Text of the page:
Dear brother, one path, and one path only, leads to what all men desire—peace and happiness. One path, and one path only, leads to what all men know they ought to seek—purity and godliness. We are like men in the backwoods, our paths go circling round and round, we have lost our way. ‘The labour of the foolish wearieth every one of them, for he knoweth not how to come to the city.’ Jesus Christ has cut a path through the forest. Tread you in it, and you will find that it is ‘the way of pleasantness’ and ‘the path of peace.’
III. And now, one last word. This remarkable designation seems to me to be a witness also to another truth, viz. that in Christianity we have the only way home.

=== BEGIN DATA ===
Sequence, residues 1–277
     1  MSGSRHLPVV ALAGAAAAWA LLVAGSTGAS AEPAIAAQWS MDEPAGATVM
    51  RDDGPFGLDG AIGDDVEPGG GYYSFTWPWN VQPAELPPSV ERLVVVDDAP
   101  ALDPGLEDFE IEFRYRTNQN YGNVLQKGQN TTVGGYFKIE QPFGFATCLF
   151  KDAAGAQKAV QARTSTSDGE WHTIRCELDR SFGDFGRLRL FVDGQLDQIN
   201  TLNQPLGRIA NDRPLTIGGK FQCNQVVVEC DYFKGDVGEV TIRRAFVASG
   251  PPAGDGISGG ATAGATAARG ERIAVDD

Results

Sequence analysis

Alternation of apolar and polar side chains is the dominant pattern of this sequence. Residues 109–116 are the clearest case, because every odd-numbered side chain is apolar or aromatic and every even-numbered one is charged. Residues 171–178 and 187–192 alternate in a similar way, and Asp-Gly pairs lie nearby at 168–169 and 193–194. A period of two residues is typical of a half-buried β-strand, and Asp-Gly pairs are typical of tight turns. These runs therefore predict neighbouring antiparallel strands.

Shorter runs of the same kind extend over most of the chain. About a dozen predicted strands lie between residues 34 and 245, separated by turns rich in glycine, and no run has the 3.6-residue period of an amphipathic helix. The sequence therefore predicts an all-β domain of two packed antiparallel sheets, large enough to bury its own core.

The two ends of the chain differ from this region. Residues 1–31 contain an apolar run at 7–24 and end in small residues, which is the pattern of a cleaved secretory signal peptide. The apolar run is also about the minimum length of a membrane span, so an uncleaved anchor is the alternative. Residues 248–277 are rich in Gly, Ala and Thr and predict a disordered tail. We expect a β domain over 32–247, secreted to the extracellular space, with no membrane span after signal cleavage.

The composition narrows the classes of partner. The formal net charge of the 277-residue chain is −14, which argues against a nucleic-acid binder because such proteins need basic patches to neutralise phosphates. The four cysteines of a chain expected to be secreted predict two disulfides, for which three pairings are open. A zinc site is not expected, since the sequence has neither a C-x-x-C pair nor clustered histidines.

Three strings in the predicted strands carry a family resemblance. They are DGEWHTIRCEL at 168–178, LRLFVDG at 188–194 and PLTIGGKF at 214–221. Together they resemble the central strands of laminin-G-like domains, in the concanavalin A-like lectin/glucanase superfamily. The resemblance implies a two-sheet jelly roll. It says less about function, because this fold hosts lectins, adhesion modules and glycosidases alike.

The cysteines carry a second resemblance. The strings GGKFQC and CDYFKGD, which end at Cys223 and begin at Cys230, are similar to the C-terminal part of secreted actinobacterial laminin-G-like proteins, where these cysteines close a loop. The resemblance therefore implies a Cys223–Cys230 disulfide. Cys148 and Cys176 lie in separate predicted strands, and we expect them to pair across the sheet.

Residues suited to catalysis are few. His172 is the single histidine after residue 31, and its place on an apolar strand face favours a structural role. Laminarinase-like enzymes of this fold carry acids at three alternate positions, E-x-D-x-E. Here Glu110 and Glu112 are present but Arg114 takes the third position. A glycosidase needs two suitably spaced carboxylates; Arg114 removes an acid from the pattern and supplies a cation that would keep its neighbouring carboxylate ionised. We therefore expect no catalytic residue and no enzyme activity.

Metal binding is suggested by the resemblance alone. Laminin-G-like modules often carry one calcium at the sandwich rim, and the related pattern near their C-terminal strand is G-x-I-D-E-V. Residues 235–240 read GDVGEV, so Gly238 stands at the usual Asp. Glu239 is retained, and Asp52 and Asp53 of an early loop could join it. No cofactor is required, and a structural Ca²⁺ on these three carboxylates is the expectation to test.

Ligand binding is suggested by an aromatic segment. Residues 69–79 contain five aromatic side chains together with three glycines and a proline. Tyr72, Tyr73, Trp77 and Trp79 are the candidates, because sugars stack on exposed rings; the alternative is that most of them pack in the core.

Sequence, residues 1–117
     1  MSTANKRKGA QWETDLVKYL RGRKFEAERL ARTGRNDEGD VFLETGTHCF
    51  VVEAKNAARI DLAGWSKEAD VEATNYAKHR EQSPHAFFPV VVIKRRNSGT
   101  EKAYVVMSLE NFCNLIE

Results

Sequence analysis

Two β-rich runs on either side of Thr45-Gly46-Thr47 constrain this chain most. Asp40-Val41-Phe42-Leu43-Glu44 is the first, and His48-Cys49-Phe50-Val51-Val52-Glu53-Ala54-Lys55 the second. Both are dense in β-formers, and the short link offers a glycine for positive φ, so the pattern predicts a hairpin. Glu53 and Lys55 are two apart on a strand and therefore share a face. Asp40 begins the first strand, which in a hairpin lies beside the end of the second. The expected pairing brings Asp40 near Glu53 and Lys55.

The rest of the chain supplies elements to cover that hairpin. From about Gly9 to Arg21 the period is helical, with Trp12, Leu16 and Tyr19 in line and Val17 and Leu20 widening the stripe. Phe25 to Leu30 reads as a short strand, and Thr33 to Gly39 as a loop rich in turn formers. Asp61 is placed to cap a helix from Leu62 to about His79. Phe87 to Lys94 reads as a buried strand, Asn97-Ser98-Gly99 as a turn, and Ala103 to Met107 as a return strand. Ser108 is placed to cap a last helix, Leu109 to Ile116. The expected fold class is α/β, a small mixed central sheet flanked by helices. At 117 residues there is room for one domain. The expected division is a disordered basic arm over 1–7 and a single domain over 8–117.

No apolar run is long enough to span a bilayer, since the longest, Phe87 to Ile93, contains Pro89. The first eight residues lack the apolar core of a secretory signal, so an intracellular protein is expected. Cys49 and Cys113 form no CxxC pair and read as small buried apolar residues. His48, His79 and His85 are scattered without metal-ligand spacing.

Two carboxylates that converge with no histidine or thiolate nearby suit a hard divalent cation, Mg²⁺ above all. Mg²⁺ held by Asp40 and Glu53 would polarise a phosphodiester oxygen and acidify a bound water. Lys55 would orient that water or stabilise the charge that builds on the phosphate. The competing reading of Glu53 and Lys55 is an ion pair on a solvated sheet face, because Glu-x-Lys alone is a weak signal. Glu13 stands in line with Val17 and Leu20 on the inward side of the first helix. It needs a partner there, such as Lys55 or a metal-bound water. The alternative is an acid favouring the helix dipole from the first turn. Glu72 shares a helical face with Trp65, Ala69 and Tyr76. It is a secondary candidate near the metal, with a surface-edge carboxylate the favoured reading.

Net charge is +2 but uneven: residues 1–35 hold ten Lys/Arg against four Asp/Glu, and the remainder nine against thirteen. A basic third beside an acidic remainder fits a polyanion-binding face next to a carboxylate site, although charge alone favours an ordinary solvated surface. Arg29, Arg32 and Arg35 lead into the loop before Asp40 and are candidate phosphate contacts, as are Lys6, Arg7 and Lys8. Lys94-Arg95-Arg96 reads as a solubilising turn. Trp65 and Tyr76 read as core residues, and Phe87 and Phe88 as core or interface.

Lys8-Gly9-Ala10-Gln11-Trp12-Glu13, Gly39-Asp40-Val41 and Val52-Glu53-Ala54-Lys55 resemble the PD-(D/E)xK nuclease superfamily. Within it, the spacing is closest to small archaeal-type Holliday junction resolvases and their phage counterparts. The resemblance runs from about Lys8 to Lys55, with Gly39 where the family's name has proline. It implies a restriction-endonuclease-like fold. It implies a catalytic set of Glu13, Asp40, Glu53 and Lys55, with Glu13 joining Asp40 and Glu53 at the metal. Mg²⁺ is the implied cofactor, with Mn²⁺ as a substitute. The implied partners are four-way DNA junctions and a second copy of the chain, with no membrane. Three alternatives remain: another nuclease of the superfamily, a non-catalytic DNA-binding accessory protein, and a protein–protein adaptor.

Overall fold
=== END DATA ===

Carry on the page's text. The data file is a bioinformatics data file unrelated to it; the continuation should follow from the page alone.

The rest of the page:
The only way home! All other modes and courses of life and conduct stop at the edge of a great gulf, like some path that goes down an incline to the edge of a precipice, and the heedless traveller that has been going on, not knowing whither it led, tilts over when he comes there. Every other way that men can follow is broken short off by death. And if there were no other reason to allege, that is enough to condemn them. What is a man to do in another world if all his life long he has only cultivated tastes which want this world for their gratification? What is the sensualist to do when he gets there? What is the shrewd man of business in Manchester to do when he comes into a world where there are no bargains, and he cannot go on ‘Change on Tuesdays and Fridays? What will he do with himself? What does he do with himself now, when he goes away from home for a month, and does not get his ordinary work and surroundings? What will he do then? What will a young lady do in an other world, who spends her days here in reading trashy novels and magazines? What will any of us do who have set our affections and our tastes upon this poor, perishing, miserable world? Would you think it was common sense in a young man who was going to be a doctor, and took no interest in anything but farming? Is it not as stupid a thing for men and women to train themselves for a condition which is transient, and not to train themselves for the condition into which they are certainly going?